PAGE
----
Jean "Django" Reinhardt (French pronunciation: [dʒɑ̃ɡo ʁenɑʁt]; 23 January 1910 – 16 May 1953) was a pioneering virtuoso jazz guitarist and composer.
Born into a family of Romani gypsies Reinhardt invented an entirely new style of jazz guitar technique (sometimes called 'hot' jazz guitar) that has since become a living musical tradition within French gypsy culture. With violinist Stéphane Grappelli, he co-founded the Quintette du Hot Club de France, described by critic Thom Jurek as "one of the most original bands in the history of recorded jazz." Reinhardt's most popular compositions have become jazz standards, including "Minor Swing", "Daphne", "Belleville", "Djangology", "Swing '42" and "Nuages" (French for "Clouds").
Born in Liberchies, Pont-à-Celles, Belgium, Reinhardt's nickname "Django" is Romani for: "I awake." He spent most of his youth in Romani (Gypsy) encampments close to Paris, playing banjo, guitar and violin from an early age. His family made cane furniture for a living, but included several keen amateur musicians.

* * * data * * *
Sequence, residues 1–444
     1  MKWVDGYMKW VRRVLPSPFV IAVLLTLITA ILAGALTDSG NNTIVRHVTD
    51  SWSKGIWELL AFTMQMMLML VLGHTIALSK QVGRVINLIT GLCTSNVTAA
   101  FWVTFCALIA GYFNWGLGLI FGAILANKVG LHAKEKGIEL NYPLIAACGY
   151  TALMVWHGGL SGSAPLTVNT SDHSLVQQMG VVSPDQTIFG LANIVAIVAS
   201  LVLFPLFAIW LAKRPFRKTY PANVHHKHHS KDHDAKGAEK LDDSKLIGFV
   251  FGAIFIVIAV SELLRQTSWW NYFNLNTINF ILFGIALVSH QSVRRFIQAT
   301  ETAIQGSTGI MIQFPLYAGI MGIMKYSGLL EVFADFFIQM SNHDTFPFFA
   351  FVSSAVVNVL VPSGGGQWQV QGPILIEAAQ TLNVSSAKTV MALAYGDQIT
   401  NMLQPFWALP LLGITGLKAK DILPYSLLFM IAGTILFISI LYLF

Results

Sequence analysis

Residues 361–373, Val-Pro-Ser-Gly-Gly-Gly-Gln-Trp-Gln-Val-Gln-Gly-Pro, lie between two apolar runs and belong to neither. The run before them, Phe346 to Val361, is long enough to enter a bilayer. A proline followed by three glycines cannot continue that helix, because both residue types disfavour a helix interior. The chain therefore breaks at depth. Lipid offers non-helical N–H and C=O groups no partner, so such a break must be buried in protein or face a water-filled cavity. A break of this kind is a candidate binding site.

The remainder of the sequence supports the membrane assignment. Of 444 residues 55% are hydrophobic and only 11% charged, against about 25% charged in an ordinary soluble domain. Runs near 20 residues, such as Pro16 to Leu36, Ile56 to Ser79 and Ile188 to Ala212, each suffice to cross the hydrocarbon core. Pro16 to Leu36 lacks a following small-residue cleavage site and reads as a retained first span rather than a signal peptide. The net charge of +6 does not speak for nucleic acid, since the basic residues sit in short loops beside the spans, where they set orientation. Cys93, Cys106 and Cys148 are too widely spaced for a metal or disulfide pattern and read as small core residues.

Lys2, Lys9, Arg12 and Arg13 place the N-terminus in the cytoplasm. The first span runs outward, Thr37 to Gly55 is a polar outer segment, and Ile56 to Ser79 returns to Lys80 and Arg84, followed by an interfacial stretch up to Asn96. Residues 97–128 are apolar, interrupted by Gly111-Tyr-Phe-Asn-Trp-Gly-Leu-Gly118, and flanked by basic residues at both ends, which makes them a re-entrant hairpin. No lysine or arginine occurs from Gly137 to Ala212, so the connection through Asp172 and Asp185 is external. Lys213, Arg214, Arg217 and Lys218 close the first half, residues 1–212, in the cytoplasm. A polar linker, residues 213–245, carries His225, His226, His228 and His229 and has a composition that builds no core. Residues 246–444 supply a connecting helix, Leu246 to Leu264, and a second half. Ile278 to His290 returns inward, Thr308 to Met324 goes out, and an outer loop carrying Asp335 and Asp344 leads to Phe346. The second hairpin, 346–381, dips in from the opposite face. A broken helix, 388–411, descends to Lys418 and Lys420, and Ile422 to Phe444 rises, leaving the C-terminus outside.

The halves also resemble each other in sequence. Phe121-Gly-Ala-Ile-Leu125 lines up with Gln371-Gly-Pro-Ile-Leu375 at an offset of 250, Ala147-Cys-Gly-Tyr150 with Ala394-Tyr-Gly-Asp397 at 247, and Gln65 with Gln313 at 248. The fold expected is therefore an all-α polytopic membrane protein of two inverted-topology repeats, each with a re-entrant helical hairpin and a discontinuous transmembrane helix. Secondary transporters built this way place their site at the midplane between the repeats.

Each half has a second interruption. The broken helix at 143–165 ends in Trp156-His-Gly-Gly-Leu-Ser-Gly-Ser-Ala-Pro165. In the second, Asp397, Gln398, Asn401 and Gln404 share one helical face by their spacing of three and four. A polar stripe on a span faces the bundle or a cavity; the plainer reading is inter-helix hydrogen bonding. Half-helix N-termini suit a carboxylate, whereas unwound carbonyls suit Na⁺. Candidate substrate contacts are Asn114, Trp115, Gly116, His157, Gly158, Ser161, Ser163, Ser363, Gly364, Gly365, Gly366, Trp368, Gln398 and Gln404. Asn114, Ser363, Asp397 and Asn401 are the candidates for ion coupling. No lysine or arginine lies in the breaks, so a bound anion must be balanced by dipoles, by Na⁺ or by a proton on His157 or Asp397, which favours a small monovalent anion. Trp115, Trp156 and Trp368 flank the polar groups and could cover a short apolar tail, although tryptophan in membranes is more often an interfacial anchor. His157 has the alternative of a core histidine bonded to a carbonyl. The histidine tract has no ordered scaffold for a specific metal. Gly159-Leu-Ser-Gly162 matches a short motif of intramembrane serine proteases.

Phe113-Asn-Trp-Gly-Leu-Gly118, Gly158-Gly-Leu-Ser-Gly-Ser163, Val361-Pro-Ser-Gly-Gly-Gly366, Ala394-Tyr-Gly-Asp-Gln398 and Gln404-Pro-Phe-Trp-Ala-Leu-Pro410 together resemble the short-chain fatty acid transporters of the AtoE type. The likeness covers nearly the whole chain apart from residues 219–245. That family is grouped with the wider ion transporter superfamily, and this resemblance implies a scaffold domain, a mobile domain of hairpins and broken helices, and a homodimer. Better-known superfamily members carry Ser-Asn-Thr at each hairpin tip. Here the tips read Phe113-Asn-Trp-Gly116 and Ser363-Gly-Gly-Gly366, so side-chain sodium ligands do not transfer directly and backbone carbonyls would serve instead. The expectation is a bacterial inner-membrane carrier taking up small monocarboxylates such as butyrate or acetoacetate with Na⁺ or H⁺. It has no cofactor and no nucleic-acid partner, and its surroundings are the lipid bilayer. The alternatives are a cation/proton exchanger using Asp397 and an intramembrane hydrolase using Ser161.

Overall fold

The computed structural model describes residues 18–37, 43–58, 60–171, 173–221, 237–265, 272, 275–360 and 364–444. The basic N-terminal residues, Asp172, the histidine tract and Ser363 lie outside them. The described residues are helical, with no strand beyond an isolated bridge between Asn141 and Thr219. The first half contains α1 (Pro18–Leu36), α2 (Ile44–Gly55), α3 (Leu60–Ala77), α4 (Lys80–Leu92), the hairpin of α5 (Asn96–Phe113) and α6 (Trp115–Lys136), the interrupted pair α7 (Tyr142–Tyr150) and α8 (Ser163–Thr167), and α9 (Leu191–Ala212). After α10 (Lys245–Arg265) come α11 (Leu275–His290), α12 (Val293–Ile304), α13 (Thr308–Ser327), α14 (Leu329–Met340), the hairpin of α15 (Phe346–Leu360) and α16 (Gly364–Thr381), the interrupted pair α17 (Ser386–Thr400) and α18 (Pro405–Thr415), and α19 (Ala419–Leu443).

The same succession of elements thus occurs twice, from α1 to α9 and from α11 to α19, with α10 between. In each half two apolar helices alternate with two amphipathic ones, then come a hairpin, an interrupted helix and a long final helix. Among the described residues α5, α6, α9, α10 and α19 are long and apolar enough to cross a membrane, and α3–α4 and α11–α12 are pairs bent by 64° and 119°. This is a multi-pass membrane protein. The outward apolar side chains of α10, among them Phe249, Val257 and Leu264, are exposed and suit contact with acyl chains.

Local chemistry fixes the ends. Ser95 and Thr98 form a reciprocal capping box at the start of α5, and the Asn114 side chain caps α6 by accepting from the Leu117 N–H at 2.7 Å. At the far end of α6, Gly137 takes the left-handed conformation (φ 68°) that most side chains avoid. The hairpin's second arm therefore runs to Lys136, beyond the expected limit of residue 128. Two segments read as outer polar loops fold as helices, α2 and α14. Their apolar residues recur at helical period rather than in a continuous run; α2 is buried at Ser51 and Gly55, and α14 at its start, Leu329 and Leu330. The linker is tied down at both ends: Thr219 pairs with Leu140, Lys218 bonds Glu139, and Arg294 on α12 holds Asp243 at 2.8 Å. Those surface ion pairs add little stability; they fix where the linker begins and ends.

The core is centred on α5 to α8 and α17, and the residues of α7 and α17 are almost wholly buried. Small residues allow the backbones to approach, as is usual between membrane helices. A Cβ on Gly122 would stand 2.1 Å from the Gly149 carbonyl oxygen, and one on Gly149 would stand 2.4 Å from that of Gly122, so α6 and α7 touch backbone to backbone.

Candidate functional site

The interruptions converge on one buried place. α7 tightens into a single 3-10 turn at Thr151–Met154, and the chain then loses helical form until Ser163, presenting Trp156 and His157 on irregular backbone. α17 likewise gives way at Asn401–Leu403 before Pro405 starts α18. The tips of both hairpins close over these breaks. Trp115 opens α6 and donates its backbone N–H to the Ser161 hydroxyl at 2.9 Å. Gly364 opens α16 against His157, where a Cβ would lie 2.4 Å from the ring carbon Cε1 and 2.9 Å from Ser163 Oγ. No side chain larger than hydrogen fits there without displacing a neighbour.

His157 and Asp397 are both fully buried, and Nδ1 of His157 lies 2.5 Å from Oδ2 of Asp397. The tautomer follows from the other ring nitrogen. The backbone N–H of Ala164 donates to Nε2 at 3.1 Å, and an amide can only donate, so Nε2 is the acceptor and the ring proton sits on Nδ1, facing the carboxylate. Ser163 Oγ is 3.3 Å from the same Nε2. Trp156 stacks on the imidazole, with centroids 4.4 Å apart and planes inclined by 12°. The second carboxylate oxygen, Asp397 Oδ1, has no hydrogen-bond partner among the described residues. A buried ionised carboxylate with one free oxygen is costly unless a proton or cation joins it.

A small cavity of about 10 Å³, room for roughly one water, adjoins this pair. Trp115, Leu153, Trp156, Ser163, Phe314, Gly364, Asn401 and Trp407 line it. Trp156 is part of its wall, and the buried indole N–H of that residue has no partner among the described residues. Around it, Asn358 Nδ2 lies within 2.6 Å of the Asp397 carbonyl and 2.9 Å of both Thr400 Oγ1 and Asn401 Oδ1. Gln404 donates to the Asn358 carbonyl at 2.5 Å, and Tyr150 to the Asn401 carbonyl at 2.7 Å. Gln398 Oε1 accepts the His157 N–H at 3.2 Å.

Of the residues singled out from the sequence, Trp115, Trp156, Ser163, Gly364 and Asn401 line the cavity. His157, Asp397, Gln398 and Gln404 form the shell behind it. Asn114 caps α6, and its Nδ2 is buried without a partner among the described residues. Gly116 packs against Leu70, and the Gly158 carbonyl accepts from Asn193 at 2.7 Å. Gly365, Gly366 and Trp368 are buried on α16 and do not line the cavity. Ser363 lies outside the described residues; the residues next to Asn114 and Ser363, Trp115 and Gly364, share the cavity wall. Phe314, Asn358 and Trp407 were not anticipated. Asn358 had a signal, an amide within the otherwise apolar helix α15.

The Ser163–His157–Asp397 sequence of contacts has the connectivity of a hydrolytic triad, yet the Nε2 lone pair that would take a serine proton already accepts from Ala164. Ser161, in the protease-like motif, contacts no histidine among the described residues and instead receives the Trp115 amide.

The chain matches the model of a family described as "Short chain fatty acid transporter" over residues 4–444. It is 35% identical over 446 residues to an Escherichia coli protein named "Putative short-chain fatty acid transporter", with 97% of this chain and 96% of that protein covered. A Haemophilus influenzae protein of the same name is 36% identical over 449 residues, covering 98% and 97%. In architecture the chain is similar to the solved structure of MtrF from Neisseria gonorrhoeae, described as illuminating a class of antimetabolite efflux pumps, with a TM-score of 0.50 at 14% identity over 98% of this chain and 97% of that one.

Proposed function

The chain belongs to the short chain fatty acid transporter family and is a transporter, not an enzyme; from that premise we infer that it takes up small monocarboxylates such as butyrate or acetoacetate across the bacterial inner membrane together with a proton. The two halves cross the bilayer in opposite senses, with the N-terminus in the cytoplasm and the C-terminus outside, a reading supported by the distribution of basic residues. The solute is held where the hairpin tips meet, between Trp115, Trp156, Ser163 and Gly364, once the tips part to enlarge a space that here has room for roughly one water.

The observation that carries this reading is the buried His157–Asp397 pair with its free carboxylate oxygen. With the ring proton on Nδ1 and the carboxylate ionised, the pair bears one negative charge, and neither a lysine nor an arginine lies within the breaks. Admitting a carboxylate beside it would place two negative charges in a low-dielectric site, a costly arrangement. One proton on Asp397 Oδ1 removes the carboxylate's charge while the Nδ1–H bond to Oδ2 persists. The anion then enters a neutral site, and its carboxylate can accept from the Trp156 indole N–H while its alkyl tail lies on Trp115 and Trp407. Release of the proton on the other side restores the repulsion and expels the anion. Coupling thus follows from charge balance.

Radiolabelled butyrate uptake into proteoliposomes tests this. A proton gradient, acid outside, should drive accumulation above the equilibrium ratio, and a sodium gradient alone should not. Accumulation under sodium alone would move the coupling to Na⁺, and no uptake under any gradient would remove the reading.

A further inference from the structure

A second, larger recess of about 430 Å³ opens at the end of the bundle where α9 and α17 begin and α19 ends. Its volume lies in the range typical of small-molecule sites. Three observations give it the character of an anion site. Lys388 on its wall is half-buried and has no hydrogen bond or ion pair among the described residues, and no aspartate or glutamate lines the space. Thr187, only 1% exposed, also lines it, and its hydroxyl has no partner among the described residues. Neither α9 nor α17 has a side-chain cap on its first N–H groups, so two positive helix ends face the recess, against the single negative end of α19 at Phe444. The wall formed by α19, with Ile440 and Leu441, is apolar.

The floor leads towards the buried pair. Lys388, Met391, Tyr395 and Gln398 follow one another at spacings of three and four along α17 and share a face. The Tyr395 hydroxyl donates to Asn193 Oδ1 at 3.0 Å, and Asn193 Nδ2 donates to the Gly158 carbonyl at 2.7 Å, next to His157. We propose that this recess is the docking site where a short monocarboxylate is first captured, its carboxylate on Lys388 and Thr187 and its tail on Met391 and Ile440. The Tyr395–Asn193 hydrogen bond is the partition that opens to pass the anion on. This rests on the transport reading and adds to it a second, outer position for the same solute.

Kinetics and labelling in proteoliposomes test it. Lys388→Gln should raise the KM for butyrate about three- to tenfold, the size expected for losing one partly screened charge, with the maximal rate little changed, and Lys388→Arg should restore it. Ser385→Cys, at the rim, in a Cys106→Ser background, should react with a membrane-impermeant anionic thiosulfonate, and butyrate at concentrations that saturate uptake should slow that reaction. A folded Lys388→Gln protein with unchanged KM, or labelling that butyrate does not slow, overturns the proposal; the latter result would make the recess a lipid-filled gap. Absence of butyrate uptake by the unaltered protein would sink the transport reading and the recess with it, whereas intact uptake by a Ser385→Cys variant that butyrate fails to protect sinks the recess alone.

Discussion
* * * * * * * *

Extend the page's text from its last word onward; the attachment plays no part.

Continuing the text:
He started by playing the violin and eventually moved on to a banjo-guitar that had been given to him as a gift. His first known recordings (in 1928) were of him playing the banjo. During this period he was influenced by two older gypsy musicians, the banjoist Gusti Mahla and the guitarist Jean "Poulette" Castro. Able to make a living in music from his early teens onwards, he received little formal education and only acquired the rudiments of literacy in adult life.